By Renee Fisher
Life in the Boomer Lane lives in a house that was built in 1912. It was built by someone who had very interesting notions of what a house should be. One of them was that there should be no access to the outside from the kitchen. Several rooms had no obvious purpose at all. The living room, for example, was configured in such a way as being useful only as a hallway. Each room had as many doors or doorways as possible, eliminating most useful wall space.
Although electricity had been invented by then, the person who built the house clearly believed it was a passing fad. The builder allotted one outlet per room, usually in random places. The one outlet in the kitchen was halfway up a small wall, near the entryway to the dining room.
Over the years, LBL has spent time and money reconfiguring the house to be something that might actually be inhabited by human beings. One task has been adding and/or enlarging outlets. The bathroom remained the last room with one outlet.
That one outlet in her bathroom had become extremely overloaded. It’s one outlet was reserved for an overly large nightlight. The other had a chunky multi-outlet extension cord, so that LBL’s hair dryer and flat-iron could be plugged in at the same time.
Last week, LBL realized that she had created a unwieldy mess of extension cords, regular cords and hair appliances. She overreacted. She pulled everything out of the outlet, including the nightlight, which had done nothing except be in the wrong place at the wrong time.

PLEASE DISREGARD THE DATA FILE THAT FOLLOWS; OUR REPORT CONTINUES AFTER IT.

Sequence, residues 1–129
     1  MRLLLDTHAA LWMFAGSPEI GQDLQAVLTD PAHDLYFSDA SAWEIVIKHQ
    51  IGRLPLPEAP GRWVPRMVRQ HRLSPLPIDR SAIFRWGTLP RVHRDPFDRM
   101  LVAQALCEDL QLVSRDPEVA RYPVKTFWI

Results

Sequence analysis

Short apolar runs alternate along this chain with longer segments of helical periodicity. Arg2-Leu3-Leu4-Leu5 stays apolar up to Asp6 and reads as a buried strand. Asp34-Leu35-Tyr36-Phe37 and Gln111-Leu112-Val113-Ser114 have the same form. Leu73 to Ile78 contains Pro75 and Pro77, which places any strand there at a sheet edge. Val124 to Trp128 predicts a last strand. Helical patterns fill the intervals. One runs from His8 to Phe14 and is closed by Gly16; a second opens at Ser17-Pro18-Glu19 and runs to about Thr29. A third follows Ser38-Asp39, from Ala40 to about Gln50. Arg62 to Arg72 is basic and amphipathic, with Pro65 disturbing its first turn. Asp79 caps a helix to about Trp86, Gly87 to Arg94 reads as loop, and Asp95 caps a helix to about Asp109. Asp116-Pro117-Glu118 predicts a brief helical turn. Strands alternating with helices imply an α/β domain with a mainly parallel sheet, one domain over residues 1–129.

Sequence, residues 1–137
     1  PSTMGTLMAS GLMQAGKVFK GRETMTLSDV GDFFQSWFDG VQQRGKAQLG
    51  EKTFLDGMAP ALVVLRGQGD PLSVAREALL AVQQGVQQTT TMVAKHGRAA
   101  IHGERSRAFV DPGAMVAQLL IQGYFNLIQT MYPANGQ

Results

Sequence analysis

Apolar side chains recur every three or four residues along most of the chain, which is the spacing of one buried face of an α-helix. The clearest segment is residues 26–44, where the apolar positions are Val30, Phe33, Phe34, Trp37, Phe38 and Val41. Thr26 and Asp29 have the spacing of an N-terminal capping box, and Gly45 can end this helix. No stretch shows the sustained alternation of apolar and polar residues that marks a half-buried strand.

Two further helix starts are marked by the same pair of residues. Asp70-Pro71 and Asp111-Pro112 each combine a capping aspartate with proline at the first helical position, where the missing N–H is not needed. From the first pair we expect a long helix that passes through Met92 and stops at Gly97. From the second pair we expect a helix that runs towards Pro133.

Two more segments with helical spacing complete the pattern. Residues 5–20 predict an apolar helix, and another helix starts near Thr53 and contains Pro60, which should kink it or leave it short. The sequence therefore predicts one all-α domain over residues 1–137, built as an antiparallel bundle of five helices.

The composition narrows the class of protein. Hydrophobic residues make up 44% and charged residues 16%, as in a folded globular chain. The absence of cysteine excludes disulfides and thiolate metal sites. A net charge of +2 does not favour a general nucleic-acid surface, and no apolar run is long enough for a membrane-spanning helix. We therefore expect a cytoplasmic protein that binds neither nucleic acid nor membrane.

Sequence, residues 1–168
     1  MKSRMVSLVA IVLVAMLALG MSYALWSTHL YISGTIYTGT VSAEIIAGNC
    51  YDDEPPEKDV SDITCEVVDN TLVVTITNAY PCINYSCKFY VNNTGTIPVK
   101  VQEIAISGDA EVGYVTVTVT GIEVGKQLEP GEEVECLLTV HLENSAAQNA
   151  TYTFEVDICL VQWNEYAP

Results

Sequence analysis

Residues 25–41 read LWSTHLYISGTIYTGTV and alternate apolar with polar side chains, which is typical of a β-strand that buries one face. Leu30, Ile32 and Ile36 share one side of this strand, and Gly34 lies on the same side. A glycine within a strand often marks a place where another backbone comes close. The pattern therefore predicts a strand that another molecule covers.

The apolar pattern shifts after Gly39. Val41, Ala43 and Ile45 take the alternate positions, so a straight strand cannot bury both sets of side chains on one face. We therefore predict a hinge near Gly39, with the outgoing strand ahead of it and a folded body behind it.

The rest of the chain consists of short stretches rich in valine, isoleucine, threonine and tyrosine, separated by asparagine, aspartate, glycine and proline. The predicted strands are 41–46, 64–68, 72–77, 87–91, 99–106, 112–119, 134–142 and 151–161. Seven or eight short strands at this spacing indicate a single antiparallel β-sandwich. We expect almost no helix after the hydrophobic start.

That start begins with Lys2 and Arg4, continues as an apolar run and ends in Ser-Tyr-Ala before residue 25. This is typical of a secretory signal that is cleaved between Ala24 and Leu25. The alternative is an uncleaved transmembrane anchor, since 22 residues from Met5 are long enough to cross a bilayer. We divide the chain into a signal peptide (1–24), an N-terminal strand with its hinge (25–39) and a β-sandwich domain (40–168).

“We need a new nightlight!” she declared to Now Husband. This one is big and ugly!” Now Husband, relieved that this demand could be resolved for less than $10,000, went to the neighbourhood hardware store and purchased a new nightlight. It was even larger than the first one. Unacceptable. A subsequent nightlight was small and unobtrusive, but was orange. Unacceptable. LBL requested one that would be both small and white. In the meantime, there would be no nightlight.
During that night, LBL went to the bathroom. It was do dark, she couldn’t find her way around. She went out, grabbed the nightlight in another room and returned to the bathroom. She attempted to plug in the new nightlight, but because it was so dark, she couldn’t. After about a dozen tries, she gave up and turned on the big overhead light. By this time, she was wide awake.
“I have found the perfect nightlight”, Now Husband said, later that day. LBL was filled with joy, and yawned her approval.
The new night-light arrived and was plugged in. During the night, LBL made her usual foray into the bathroom. Half-asleep, she stumbled into the bathroom, toward the inviting light. Within a moment, the light seemed to turn from white to blue. LBL squinted, and assumed she must be imagining it. Suddenly the blue turned to green, then to yellow. LBL now doubted her sanity. Then the light seemed to go red, then turn off completely. Now LBL was wide awake, and, whatever cylinders she had left, were firing at top speed.
She watched another cycle. She watched again. And again. And again. She lost count of how many times she watched. The nightlight had placed her bathroom into a time machine and hurtled it back to the 1970s. For a moment she suspected she could see John Travolta hip-swaying into the room. At such point as LBL felt the overwhelming urge to do the Hustle, she grabbed the nightlight and pulled it out of the socket.
She fled back to the bedroom. “The nightlight!” she yelled, waving it overhead. “It’s alive!” Now Husband rolled toward her. “It’s just a nightlight,” he yawned. “No. It’s a freaking disco,’ LBL answered. “Where did you get it, Party City?” She spent the rest of the night with a blanket over her head.
LBL still doesn’t understand why it would be so difficult to get a small nightlight, one that wouldn’t take over half the wall or be too bright or harken back to a time when Donna Summer was riding high. She also doesn’t understand why she can’t just sleep through the night and have no use for a nightlight. But that is the stuff of another blog entirely.